Trusted local news leader for Williams AZ and the Grand Canyon
Tue, April 07

What we know today: The coronavirus is impacting communities around the world

A man walking a dog past graffiti on the Lower Newtownards Road in Belfast, Northern Ireland, March 24. The government has restricted personal movements, asking the public to only leave your home if an essential worker, or for short exercise or collecting food. For some people the COVID-19 coronavirus causes mild or moderate symptoms, but for others it can cause severe illness. (Liam McBurney / PA via AP)

A man walking a dog past graffiti on the Lower Newtownards Road in Belfast, Northern Ireland, March 24. The government has restricted personal movements, asking the public to only leave your home if an essential worker, or for short exercise or collecting food. For some people the COVID-19 coronavirus causes mild or moderate symptoms, but for others it can cause severe illness. (Liam McBurney / PA via AP)

WASHINGTON — The head of the World Health Organization says the coronavirus outbreak is accelerating but insists “we can change the trajectory of this pandemic.” More than 1.5 billion people — one-fifth of the world’s population — were urged or ordered to stay home Monday to try to blunt the spread of coronavirus. The death toll from the pandemic has surpassed 16,000 people worldwide, and the virus has sickened more than 370,000.

Partisan divisions stalled efforts to pass a colossal aid package in Congress, and stocks fell again on Wall Street even after the Federal Reserve said it will lend to small and large businesses and local governments to help them through the crisis. The Dow Jones Industrial Average lost more than 580 points, or 3 percent.

In Italy, both new cases and deaths declined for a second consecutive day, providing a faint glimmer of hope, though it is too soon to say whether the crisis is leveling off.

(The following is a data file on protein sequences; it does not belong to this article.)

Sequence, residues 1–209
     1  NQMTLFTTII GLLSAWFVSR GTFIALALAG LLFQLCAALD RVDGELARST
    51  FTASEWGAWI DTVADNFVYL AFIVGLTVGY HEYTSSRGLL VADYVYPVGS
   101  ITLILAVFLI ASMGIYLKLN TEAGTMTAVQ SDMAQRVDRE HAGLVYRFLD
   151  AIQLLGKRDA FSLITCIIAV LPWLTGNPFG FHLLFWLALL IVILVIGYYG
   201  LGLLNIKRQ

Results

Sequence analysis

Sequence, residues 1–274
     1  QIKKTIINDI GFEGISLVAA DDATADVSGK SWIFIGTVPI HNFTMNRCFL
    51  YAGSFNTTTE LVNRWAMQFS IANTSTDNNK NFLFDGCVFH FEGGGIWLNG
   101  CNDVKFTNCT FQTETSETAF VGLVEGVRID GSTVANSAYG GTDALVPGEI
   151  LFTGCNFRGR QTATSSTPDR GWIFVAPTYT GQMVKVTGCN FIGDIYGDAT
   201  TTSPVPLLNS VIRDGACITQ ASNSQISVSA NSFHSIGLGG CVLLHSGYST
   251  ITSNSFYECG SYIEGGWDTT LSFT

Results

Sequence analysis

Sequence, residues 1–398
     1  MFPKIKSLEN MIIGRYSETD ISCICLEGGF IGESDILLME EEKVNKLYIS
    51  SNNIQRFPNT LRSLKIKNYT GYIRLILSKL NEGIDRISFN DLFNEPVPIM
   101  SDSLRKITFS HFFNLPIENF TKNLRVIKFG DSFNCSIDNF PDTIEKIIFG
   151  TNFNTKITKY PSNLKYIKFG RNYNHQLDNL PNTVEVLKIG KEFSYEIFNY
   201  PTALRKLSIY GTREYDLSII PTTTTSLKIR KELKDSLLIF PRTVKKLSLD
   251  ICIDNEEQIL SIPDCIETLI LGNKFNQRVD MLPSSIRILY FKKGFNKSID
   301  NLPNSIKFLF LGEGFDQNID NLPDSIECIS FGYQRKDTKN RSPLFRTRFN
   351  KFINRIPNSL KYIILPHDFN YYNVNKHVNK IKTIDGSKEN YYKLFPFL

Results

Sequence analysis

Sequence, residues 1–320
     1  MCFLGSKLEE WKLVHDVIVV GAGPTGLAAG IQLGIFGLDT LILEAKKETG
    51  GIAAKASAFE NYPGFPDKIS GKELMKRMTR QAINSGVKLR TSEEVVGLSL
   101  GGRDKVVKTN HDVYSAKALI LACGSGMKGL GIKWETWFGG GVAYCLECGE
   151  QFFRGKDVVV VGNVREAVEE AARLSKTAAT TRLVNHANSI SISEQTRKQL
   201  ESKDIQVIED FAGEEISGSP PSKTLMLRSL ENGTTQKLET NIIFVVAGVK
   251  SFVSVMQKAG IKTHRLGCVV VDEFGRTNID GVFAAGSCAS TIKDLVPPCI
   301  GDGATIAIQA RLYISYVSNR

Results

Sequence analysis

A surge in infections has caused a critical shortage of medical supplies in many places. The hunt for ventilators and other critical items is consuming Europe and the U.S.

What’s happening today

—More than 1.5 billion people have been urged ordered to stay home to try to blunt the spread of coronavirus.

—The coronavirus has arrived in the Gaza Strip and Syria, raising fears that the pandemic may now prey on some of the most vulnerable populations in the world.

—The International Olympic Committee announced it was considering a postponement and would make a final decision within four weeks. Major Olympic nations like Canada and Australia have added pressure by saying they will not send teams if the games are staged this year.

—Stocks fell about 3 percent on Wall Street as Congress hit another roadblock in talks to inject nearly $2 trillion into the economy.

—Those defying social distancing and lockdown restrictions from France to Florida to carry on as normal are coming under fire. One French minister was furious: “Some consider they’re little heroes when they break the rules. Well, no. You’re an imbecile, and especially a threat to yourself.”

—The virus was stirring calls for sanctions that have been levied against Venezuela and Iran to be eased. Those countries were urging the Trump administration to ease crippling economic sanctions they contend are contributing to the growing death toll caused by the coronavirus pandemic.

Grieving has become even more upsetting for families in the time of coronavirus. An untold number of burials around the globe now go forward with nothing more than a cleric, a funeral home employee and a single loved one. Others receive what would have once been called pauper’s funerals, buried in the clothes they died in.

What you need to know

For most people, the virus causes only mild or moderate symptoms, such as fever and cough. For some, especially older adults and people with existing health problems, it can cause more severe illness, including pneumonia. The vast majority of people recover.

One of the best ways to prevent spread of the virus is washing your hands with soap and water. The U.S. Centers for Disease Control and Prevention recommends first washing with warm or cold water and then lathering soap for 20 seconds to get it on the backs of hands, between fingers and under fingernails before rinsing off.

You should wash your phone, too.

One Number

$300 BILLION: In a series of sweeping steps, the Fed will lend to small and large businesses and local governments as well as extend its bond-buying programs. It’s all part of the Fed’s ongoing efforts to support the flow of credit through an economy ravaged by the viral outbreak.

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